As Ukrainian scientist in the United States helped to prove the importance of masks during a pandemic

Physicist Valentin Stadnitskii was one of the researchers, proved mask can significantly slow the spread of SARS-CoV-2. DW talked to him about his work in the United States.

Как украинский ученый в США помог доказать важность масок во время пандемии

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Optional sneeze or cough to spread droplets in the air that can carry the coronavirus SARS-CoV-2 — just normal conversation. This conclusion was confirmed in the United States during the experiment with laser carried out by group of scientists of the National Institute of health. One of the scientists in this team is a Ukrainian physicist Valentin Stadnitskii.

Meanwhile, the scientists found that the drops are stored in air for up to eight minutes. The results of the study drew worldwide media attention, becoming yet another argument in the dispute about the importance of using protective masks during an outbreak COVID-19. In an interview with DW Stadnitskii told about the progress of this experiment and their experience in the United States.

DW: the Study team in which you worked, can give a clue to the rapid spread of the coronavirus. How did you manage to get those results?

Valentin Stadnitskii: it All started with the idea of Dr. Adrian Bax, who sought to visualize the drops of saliva, exhaled by the person during speaking and too small for someone to see them with the naked eye. He and Dr. Philip Anfinrud — his colleague at the laboratory of chemical physics (LCP) at the National Institute of diabetes and digestive diseases and kidney, where I also work as a researcher was thinking about using lasers for the visualization of the drops. The Friday night doctor Anfinrud painted the inner walls of cardboard boxes, cut holes in it and the next morning began to adjust the optics in their laser lab. He took me to the team because I have extensive experience with lasers. And before the end of the morning we had designed and ready to work the camera. The three of us spent the rest of the weekend, recording video and interpreting the received material.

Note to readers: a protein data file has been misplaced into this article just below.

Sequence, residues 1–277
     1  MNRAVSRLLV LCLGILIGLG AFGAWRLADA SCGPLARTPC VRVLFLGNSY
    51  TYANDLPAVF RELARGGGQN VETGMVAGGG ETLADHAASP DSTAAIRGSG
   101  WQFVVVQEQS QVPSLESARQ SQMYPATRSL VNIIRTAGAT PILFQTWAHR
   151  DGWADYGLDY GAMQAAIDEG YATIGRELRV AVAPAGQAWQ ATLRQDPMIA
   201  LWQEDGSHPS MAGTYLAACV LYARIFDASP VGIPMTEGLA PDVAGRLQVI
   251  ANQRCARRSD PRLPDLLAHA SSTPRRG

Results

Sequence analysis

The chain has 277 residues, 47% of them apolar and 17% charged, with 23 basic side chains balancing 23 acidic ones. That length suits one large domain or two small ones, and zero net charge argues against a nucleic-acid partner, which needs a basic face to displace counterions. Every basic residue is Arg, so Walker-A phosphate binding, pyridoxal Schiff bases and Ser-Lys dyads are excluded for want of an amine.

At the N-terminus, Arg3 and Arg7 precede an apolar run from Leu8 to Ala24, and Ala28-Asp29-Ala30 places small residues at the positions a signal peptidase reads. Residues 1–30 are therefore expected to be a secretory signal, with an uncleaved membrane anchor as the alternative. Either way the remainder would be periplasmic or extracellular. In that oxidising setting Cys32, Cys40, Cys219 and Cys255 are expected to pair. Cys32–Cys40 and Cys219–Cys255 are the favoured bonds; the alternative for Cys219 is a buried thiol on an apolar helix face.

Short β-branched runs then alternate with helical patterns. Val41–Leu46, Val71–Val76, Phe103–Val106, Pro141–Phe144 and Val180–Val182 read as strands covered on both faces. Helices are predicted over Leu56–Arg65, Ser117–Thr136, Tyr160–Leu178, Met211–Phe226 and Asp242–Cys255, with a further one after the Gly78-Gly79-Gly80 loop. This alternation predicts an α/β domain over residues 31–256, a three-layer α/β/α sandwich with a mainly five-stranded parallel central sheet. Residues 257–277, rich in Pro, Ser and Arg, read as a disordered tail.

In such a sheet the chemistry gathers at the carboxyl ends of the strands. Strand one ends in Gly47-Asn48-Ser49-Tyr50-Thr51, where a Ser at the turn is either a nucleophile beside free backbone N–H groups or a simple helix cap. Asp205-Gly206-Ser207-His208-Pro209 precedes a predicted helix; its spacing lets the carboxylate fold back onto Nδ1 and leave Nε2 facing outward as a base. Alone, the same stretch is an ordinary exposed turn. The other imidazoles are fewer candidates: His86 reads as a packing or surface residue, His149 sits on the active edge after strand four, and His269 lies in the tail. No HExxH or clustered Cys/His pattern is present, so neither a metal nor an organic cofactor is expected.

Confirm your findings by other studies of American or international institutions?

At the time of our work we were not aware of any published studies that use laser technology to visually demonstrate a drop of saliva into the air during speaking, although a group of scientists in Japan has published something similar in relation to sneezing. Of course, data on the distribution of these drops have been published before — for example, in one work 2019, which showed that speaking leads to the release of more drops than breathing and loud speaking increases the spread of these droplets.

What kind of mask you wear personally?

Our report demonstrated that a simple speaking, even without the sneezing and coughing contributes to the spread of thousands of potentially dangerous drops in the air, and the use of simple masks, not even the N95, a significant way prevents it spread. I personally follow the recommendations of the Centers for control and prevention of diseases of the USA about which mask to wear.

In General, you are afraid of being infected with coronavirus?